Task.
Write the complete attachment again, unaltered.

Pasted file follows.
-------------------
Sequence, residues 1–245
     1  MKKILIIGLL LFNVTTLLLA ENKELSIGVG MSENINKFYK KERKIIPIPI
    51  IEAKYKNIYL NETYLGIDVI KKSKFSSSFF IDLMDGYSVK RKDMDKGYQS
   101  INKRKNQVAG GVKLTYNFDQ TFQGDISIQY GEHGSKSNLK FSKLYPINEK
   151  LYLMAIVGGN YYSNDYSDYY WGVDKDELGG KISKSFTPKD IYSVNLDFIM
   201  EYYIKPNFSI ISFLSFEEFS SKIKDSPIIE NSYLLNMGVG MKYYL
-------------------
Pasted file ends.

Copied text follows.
Sequence, residues 1–245
     1  MKKILIIGLL LFNVTTLLLA ENKELSIGVG MSENINKFYK KERKIIPIPI
    51  IEAKYKNIYL NETYLGIDVI KKSKFSSSFF IDLMDGYSVK RKDMDKGYQS
   101  INKRKNQVAG GVKLTYNFDQ TFQGDISIQY GEHGSKSNLK FSKLYPINEK
   151  LYLMAIVGGN YYSNDYSDYY WGVDKDELGG KISKSFTPKD IYSVNLDFIM
   201  EYYIKPNFSI ISFLSFEEFS SKIKDSPIIE NSYLLNMGVG MKYYL